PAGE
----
Private Medical Insurance policies offer prompt access to the most appropriate psychological therapy at a place and time of the member's choosing. In contrast, in the public sector only eight per cent of those surveyed by the We Need to Talk coalition had a choice in the therapy they received and only 13 per cent had a choice in where they received therapy.

Traditionally members had to obtain a GP referral to access mental health treatment via their private medical insurance policy, but a number of insurers now offer direct access to treatment, allowing the member to refer themselves for a clinical assessment of their condition, and an immediate onward referral to the most appropriate level of care. As many delay seeing their GP at the early stages of a problem and mental health remains an area people tend to be more hesitant to discuss with their GP, direct access to treatment via private medical insurance has the potential to be transformational for many people who suffer with a mental health problem.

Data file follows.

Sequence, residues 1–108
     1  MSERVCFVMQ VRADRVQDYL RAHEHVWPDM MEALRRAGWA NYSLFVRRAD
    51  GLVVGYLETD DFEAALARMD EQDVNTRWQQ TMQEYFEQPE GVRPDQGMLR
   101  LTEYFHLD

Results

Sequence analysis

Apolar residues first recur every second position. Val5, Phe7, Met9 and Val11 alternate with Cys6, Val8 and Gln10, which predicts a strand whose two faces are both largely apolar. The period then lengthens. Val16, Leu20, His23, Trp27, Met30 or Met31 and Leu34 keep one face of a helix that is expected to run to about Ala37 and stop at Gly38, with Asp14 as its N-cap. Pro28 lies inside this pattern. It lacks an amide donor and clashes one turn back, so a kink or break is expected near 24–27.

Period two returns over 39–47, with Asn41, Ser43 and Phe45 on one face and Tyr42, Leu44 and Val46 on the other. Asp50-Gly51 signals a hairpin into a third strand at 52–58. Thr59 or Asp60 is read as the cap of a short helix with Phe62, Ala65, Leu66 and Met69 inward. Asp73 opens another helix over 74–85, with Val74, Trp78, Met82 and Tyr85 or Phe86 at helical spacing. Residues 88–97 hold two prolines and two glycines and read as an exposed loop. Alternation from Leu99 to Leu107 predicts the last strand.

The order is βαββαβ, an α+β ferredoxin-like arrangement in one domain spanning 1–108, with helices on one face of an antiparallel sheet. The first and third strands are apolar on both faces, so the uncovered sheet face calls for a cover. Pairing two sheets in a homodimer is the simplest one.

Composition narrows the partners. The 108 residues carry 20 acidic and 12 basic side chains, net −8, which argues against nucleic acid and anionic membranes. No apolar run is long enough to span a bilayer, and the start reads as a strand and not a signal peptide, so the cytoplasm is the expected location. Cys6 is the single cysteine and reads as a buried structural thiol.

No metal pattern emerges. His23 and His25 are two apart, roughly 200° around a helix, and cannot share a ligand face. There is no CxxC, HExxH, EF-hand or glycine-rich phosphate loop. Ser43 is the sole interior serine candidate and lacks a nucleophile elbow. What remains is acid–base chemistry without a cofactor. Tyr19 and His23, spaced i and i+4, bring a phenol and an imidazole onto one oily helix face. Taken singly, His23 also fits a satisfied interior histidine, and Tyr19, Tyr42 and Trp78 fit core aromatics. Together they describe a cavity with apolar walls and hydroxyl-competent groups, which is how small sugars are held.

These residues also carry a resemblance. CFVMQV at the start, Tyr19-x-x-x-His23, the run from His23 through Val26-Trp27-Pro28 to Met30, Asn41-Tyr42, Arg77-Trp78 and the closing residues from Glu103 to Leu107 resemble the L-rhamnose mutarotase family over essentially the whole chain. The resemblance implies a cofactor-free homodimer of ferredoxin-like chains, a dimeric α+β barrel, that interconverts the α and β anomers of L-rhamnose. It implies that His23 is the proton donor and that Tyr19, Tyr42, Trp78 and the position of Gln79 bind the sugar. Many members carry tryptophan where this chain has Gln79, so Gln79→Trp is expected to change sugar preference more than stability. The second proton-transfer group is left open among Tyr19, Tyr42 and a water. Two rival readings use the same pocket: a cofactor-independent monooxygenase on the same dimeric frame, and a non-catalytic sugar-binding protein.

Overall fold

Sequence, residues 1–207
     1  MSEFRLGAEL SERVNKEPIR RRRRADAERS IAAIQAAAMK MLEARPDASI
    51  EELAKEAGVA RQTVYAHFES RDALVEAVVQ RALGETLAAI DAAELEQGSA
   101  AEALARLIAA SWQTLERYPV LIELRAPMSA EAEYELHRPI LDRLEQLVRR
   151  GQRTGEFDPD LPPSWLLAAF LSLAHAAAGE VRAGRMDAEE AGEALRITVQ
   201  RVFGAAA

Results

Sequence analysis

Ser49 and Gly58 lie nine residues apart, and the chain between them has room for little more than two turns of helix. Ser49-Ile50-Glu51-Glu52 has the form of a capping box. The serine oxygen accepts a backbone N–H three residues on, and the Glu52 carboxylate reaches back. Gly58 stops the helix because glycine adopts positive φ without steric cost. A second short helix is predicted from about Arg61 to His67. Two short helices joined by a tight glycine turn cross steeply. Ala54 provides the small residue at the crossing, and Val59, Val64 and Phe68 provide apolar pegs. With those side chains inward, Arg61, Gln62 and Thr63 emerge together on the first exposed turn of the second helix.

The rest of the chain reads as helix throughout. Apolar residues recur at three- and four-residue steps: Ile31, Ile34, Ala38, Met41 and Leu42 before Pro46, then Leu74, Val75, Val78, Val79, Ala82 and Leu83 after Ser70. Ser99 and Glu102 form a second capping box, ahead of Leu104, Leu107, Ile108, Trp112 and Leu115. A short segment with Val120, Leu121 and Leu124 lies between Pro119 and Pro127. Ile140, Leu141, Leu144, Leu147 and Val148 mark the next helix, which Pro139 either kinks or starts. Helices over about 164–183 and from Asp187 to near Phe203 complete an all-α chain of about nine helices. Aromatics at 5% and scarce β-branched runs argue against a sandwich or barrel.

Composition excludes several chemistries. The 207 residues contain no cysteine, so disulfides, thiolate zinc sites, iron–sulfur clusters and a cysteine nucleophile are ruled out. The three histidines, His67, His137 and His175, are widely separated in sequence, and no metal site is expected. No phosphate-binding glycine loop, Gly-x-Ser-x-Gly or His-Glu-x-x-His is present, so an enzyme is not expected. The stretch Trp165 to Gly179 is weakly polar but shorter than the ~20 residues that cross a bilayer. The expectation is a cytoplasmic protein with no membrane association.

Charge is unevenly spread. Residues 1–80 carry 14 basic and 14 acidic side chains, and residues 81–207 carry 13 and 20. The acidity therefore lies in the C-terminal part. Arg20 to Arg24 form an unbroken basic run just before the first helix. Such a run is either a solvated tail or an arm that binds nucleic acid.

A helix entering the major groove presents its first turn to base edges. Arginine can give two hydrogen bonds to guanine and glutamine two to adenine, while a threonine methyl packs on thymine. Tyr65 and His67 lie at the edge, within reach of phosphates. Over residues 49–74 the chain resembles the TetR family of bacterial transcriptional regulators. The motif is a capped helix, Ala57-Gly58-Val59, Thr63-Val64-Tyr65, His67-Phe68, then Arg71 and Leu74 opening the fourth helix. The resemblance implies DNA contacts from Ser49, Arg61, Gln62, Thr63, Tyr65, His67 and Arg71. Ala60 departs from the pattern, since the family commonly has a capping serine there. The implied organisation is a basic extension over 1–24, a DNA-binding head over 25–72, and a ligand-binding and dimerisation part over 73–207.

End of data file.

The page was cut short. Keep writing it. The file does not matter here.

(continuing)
Whilst there was initially some concern that bypassing the GP may inflate claims costs, insurers have operated a similar model for musculoskeletal disorders for many years with positive results - fast access to treatment reduces the impact on the individual, helping them achieve a faster recovery, and reduces the total episode cost - all parties win.

Yet despite barriers to accessing treatment being removed, mental health is an area that I would argue remains under-utilised in private medical insurance. Whilst we know that approximately 25% of people would have a need to access care, on average, utilisation of mental health benefits remains below 5%. This is in stark contrast to Group Income Protection policies where mental health is a top reason for submitting a long-term absence claim - we could be inclined to conclude that mental health is far too often left untreated for too long.